Hola de Mexico City and El Salvador
Trip Start Apr 30, 2008
30Trip End Apr 17, 2009
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We wish we had more than two days to explore Mexico City. We took a double-decker tour bus to get a sense of the city. Many of the city's broad streets were modeled on the Champs d'Elysees in Paris. On our second day we took a tour of an interactive museum of economics sponsored by the Central Bank of Mexico.
After the museum we walked through the city while trying to buy tickets to Lucho Libre (The masked-Mexican wrestling). Our seats were far enough from the action to be safe, but close enough to recognize that even though it´s fake (sorry Phil), it still really must hurt. Our seats, ironically purchased at chain of bookstores in Mexico City named "Gandhi", were in the last row of the box seats. Behind us was an 8 foot tall chain link fence to separate the section from the general admission. We did have to hold trays of popcorn and beverages while the vendors climbed the fence and then we would them their products...
In many cities in the US, you find neighborhoods like Chinatown or Little Italy. Well, a suburb of the Twin Cities is called Little Canada, yet we´ve never been able to find any Canadian food--until now. Near our hotel in Mexico City was a place called "Jugos Canada" (Okay, it was a juice bar and restaurant near the Hotel Canada). While it may not be the authentic Canadian food we've been searching for, their tortas (grilled sandwiches) and fresh squeezed juices (orange, pineapple, and another 10 or so) were amazing. We ate or drank there at least three times.
It was an interesting time to be visiting Mexico City. Our understanding is that the current administration is working on reducing corruption in Mexico (a portion of which is due to the demand for drugs in the US). High ranking law enforcement officials were recently assassinated. All around the city were banners of support for the cause. Hopefully, the reaction we saw has been a genuinely unifying event for the people of Mexico.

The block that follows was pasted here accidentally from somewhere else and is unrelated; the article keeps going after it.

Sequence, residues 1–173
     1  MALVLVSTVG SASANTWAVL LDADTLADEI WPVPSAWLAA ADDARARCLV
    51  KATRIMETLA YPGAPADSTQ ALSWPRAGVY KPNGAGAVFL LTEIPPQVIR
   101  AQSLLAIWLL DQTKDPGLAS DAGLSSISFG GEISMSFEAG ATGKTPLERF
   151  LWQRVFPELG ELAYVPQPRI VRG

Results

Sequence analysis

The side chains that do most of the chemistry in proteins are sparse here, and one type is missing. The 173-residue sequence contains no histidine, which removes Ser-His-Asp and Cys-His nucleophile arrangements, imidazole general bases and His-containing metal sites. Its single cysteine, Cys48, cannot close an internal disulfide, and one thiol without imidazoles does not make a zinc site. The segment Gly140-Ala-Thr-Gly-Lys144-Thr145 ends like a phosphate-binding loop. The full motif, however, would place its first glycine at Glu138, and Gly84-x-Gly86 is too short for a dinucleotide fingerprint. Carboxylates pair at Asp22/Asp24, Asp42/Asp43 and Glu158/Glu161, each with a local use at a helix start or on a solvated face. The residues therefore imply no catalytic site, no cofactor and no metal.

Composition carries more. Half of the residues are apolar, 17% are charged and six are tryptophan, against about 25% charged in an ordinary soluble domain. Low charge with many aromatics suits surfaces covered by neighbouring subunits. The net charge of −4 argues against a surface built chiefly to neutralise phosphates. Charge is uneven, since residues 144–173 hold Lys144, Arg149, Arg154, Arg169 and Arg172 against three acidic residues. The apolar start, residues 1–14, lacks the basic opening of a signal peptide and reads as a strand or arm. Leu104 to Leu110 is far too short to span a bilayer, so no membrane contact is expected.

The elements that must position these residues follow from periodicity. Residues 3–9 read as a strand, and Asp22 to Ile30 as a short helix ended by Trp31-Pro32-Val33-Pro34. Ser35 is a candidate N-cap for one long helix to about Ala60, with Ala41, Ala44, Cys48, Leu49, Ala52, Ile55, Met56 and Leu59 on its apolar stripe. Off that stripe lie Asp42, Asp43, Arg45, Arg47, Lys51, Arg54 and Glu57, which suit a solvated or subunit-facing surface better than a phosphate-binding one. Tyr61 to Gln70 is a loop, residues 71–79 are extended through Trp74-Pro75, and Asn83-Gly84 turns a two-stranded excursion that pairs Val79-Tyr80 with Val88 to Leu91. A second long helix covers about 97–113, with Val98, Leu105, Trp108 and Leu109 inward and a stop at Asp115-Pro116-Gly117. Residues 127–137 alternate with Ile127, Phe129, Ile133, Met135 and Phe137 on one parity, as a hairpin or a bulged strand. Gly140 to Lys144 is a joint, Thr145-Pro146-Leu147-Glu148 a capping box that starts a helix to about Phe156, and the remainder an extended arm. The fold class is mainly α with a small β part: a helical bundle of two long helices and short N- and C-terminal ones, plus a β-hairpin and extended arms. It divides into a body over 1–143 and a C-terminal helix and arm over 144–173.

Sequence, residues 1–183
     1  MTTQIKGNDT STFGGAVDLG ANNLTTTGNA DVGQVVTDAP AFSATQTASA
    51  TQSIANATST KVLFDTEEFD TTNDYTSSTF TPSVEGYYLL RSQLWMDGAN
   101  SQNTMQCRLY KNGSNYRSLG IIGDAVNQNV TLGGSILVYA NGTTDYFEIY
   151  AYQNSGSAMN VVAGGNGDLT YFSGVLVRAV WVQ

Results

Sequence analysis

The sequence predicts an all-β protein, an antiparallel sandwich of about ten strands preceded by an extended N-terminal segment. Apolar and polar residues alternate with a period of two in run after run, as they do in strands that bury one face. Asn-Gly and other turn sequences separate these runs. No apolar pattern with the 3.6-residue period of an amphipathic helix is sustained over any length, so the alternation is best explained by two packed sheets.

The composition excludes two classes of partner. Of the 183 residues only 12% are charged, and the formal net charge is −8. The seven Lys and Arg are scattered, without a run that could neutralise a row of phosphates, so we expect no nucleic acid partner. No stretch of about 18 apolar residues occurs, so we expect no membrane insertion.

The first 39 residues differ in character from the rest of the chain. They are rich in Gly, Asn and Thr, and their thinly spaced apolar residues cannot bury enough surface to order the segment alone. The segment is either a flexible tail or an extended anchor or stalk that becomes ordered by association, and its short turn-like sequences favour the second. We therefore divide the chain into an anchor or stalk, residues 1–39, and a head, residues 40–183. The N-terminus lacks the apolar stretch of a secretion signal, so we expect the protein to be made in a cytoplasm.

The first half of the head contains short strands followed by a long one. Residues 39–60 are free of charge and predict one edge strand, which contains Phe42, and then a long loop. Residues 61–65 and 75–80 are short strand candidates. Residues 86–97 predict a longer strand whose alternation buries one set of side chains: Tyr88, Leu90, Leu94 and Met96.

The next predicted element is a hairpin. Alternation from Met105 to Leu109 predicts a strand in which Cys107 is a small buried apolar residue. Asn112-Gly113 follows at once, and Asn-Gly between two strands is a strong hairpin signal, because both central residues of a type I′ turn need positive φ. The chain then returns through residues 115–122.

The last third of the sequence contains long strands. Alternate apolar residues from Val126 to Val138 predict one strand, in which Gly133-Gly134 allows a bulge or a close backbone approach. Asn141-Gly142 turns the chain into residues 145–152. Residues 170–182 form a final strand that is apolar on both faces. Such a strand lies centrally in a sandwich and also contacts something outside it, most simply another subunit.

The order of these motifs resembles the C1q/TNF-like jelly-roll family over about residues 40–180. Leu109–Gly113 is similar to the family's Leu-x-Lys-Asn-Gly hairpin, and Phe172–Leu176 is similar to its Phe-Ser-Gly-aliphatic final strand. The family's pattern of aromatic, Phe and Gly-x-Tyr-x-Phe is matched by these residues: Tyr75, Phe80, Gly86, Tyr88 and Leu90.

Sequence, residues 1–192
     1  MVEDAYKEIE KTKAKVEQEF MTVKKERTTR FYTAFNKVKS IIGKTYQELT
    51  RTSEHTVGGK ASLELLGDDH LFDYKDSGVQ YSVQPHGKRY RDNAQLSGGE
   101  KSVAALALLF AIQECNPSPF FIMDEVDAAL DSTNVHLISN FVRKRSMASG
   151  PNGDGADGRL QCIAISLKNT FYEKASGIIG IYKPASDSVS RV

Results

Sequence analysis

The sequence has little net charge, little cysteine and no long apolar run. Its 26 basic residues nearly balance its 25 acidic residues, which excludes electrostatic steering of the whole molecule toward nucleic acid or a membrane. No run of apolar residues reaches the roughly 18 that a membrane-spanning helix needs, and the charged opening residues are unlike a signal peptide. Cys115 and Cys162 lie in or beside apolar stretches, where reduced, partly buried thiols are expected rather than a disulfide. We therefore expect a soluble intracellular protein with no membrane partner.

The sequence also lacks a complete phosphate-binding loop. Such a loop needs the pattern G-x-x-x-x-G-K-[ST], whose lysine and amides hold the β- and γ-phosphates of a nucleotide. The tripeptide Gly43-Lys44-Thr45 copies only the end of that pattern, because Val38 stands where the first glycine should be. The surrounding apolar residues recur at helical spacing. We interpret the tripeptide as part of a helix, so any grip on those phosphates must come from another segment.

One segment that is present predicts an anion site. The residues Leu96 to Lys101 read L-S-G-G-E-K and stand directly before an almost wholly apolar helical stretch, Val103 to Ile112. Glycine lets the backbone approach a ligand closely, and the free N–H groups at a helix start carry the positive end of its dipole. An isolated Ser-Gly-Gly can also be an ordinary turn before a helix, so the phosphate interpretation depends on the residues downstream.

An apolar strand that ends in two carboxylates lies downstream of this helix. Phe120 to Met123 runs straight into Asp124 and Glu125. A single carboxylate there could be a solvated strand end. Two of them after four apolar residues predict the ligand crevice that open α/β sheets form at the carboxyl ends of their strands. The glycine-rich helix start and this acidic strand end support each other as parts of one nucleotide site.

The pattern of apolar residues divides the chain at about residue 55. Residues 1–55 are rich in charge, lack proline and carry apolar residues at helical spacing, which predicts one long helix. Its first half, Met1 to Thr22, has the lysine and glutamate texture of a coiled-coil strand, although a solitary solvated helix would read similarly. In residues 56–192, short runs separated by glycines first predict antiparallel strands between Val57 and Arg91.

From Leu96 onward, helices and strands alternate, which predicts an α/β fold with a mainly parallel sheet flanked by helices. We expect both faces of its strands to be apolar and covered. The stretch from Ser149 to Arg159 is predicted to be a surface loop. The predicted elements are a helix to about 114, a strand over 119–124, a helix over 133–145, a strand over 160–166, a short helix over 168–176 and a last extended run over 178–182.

The beginning of our stay in El Salvador was an experience we will remember forever. The country´s international airport is about 30 miles from the city of San Salvador. We took the advice of our guidebook and took a mini-bus into the city. Without a doubt, there were 40-50 people in the van. Ray was "lucky" and was pushed to the back bench with his backpack blocking all forward vision. Candy stood surrounded by people who just kept coming. Did we mention that El Salvador is mostly mountains with very narrow valleys? Ray and Candy disagree on whether this experience tops the "maxi-taxis" in Romania. We do agree that we would like Eric to visit El Salvador and settle the dispute for us.
San Salvador has a significant American influence from all the guest workers in the US who have returned to El Salvador. (On the map to our hotel was a landmark for "Texaco". At first, Ray thought this was yet another Mayan/Aztec word that he couldn´t pronounce. Then he saw the signs for Wendy´s, Burger King, and Tony Roma´s.)
We took a day trip out of Juayua to other towns on the Ruta de las Flores. Weekends are great days to be in these small towns as it seems everyone from nearby comes to the area around the town square. In coffee country, all the men seem to have machetes (often with elaborate leather "holsters").
We also hired a 15 year-old guide (Ilmer)
Our El Salvador waterfall hike turned out to be great preparation for our adventures in Guatemala. Tune in next time to hear about our adventures climbing a volcano and to see Candy´s unique way to toast marshmallows.